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Palmerston North, Manawatu-Wanganui, New Zealand
Terrace End Cemetery




Palmerston North, New Zealand, Terrace End Cemetery Palmerston North, New Zealand, Terrace End Cemetery Palmerston North, New Zealand, Terrace End Cemetery
Palmerston North, New Zealand, Terrace End Cemetery Palmerston North, New Zealand, Terrace End Cemetery
Established in 1875, this was the second public cemetery in Palmerston North, the first being on the site of the present day Showgrounds. The cemetery has been administered by the Council since 1902.


Some names:

Reverend Edvard Nielsen

Son of Niels Jensen and Iverana Gulbrandsdatter.
Born on 24 Jun 1842 in Rakkestad, Østfold, Norway
Baptised on 24 Jul 1842 in Rakkestad, Østfold, Norway
Died in 1894 and was buried on 12 Jun 1894
in Terrace End Cemetery, Palmerston North
Harald Nilius Anderson

Son of Nils Anderson and Anne Hansdatter.
Born on 16 MAR 1869 in Oslo, Norway
Died on 4 Apr 1926 in Palmerston North
buried in Terrace End Cemetery.
George Morris

Son of Jonathon Morris and Ann Champneys.
Born on 11 May 1812 in Walworth, Surrey, England
Baptised on 7 Jun 1812 in Southwark, London, England
Died on 21 Jul 1895 in Palmerston North, New Zealand
Husband of Mary Anne Bowman
Mary Anne Bowman

Daughter of William Bowman and Margaret ???.
Born on 23 Mar 1813 in Chatham, Kent, England
Died on 10 Mar 1884 in Palmerston North
Wife of George Morris.
Frederick Joseph Nathan
Frederick's father Joseph Nathan invested in land and by 1867 was one of the biggest landowners in Manawatu. He was also one of the promoters of the Wellington and Manawatu Railway Co. Frederick, along with his brothers, joined his father in business and moved to Palmerston North. The family later became very involved in the dairy industry, owning several butter and cheese factories in the area. The Nathans built the first dried milk processing plant in NZ at Bunnythorpe in 1904 - the product was later marketed as 'Glaxo' baby food. Frederick was Mayor of Palmerston North from 1923-27 and vigorously advocated Palmerston North as the site for the planned NZ Agricultural College - now Massey University.
Lydia Harris Burr
Lydia was one of the first European women to visit Papaioea clearing - which was to become the site of Palmerston North. When she was 17 her family arranged for her to marry Amos Burr, a man 15 years her senior. Amos had lost both arms in a much publicised ship-board accident in Wellington harbour when a cannon misfired during a salute welcoming another ship carrying new settlers. He was fitted with two hooks but suffered a lot of pain for the rest of his life. Lydia and Amos lived on a farm near Foxton and Lydia managed the Adelaide hotel along with the nearby ferry that crossed the Manawatu river. Amos built a boarding house in Palmerston's Main Street, but Lydia refused to uproot the family from Foxton to live in the unpopulated wilds of inland Manawatu. Amos and Lydia lived apart and later separated. In the 1870's Lydia supported their ten children by taking in dressmaking. Although working long hours she was declared bankrupt in 1880. However she managed to work her way out of debt and continued to make clothing and hats in Foxton until 1896. At this time she moved to Palmerston North to take up a position as head of a dressmaking department in a large drapery shop in the Square until her retirement.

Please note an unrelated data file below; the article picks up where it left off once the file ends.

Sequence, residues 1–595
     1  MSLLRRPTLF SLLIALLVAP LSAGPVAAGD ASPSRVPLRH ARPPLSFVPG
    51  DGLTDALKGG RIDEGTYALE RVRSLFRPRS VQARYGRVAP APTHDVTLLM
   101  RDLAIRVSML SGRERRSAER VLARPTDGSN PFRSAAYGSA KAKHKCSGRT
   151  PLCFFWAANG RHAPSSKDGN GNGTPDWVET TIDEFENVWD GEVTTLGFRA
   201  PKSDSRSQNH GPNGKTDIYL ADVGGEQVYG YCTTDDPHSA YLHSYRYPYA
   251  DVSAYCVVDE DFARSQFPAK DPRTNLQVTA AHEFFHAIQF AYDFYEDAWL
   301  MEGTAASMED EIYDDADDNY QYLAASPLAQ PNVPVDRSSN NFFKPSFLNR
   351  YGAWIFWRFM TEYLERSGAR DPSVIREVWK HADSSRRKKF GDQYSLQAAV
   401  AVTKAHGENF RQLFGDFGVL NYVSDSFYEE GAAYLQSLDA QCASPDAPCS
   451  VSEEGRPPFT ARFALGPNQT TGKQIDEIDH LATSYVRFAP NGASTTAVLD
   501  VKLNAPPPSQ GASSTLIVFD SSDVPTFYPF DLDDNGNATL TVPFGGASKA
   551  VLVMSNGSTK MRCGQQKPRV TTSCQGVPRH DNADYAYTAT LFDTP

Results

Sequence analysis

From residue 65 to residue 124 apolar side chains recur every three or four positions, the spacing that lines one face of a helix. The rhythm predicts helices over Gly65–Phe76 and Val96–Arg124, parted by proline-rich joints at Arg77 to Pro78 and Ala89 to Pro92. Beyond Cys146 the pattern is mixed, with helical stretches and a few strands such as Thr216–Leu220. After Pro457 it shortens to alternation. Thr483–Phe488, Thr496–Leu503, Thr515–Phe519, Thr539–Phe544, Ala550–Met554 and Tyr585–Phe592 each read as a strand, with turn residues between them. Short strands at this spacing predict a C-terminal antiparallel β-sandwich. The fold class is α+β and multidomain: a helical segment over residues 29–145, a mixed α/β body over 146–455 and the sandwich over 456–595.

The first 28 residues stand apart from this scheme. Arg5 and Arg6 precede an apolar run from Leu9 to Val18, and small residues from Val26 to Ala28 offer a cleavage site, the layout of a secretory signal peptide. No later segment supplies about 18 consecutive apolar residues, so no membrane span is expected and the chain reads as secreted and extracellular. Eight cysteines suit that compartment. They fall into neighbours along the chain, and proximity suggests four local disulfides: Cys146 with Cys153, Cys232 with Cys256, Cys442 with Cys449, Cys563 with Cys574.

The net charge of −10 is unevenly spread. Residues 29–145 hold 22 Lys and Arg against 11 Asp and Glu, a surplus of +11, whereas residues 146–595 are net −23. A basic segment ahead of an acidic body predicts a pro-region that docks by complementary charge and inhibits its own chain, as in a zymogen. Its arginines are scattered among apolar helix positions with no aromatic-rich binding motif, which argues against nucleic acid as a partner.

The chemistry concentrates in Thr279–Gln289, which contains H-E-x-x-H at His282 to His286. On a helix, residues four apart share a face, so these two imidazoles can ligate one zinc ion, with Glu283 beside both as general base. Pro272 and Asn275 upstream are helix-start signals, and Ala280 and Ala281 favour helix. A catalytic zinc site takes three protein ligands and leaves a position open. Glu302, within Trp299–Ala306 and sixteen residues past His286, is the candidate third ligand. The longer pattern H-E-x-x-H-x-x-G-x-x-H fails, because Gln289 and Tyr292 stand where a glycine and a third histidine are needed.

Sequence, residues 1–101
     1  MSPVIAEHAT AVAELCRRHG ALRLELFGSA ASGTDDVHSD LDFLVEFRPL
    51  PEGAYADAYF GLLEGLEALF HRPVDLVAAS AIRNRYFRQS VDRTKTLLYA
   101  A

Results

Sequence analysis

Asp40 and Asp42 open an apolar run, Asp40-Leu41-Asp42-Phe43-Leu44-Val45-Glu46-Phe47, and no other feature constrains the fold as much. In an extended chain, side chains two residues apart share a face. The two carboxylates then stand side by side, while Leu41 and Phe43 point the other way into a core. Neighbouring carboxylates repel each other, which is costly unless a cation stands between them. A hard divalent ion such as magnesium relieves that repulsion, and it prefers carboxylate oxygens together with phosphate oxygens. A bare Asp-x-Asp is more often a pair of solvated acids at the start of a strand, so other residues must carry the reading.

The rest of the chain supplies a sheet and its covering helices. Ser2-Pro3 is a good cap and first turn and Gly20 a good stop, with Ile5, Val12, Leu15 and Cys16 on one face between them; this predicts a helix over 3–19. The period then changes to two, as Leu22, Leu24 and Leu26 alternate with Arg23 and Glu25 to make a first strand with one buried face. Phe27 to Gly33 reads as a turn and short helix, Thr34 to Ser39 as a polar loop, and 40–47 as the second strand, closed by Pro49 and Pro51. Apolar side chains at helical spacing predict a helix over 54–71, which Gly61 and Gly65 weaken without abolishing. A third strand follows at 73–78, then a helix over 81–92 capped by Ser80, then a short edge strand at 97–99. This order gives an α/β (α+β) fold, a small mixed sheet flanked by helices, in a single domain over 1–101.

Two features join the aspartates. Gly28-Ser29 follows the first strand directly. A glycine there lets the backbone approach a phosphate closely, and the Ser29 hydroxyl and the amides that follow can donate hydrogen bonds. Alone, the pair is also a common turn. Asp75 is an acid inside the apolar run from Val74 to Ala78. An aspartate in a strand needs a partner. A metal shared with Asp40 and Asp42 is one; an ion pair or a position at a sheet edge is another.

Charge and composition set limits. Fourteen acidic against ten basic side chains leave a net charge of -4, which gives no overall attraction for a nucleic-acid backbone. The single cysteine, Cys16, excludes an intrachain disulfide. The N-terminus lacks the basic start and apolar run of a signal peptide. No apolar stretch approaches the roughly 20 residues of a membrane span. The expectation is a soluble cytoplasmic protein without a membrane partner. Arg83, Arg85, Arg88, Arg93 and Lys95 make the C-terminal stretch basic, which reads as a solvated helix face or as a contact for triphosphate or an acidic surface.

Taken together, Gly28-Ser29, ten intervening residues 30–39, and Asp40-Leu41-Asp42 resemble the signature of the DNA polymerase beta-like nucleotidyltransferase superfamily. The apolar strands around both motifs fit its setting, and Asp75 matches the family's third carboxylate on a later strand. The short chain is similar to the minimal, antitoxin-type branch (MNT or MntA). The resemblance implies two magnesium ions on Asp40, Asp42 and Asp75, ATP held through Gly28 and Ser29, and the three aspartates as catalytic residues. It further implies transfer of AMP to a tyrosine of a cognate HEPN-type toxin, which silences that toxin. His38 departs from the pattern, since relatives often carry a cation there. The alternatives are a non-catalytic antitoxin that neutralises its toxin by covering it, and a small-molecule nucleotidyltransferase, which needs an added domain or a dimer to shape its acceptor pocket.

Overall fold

John Mowlem

Son of Henry Hibbs Mowlem and Sarah Manwell.
Born on 10 Oct 1840 Swanage, Dorset, England
Baptised on 20 Dec 1840
Died on 25 Jan 1910 Palmerston North, New Zealand
Husband of Agnes Sinclair
Edward McKenna
Colour-Sergeant McKenna was born at Leeds, England, on 15 February 1827, and was 36 years old, and a Colour-Sergeant in the 65th Regiment (later the York and Lancaster Regiment), British Army, during the Waikato-Hauhau Maori War, New Zealand, when the action for which he was awarded the Victoria Cross took place.
He died at Palmerston North, New Zealand, on 8 June 1908, and is buried at the Terrace End Cemetery.


Database Palmerston-North, Cemetery and Cremation Search
The pictures are contributed by Mrs. Jennifer Compton from Australia. Many thanks.


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This collection is online since 2009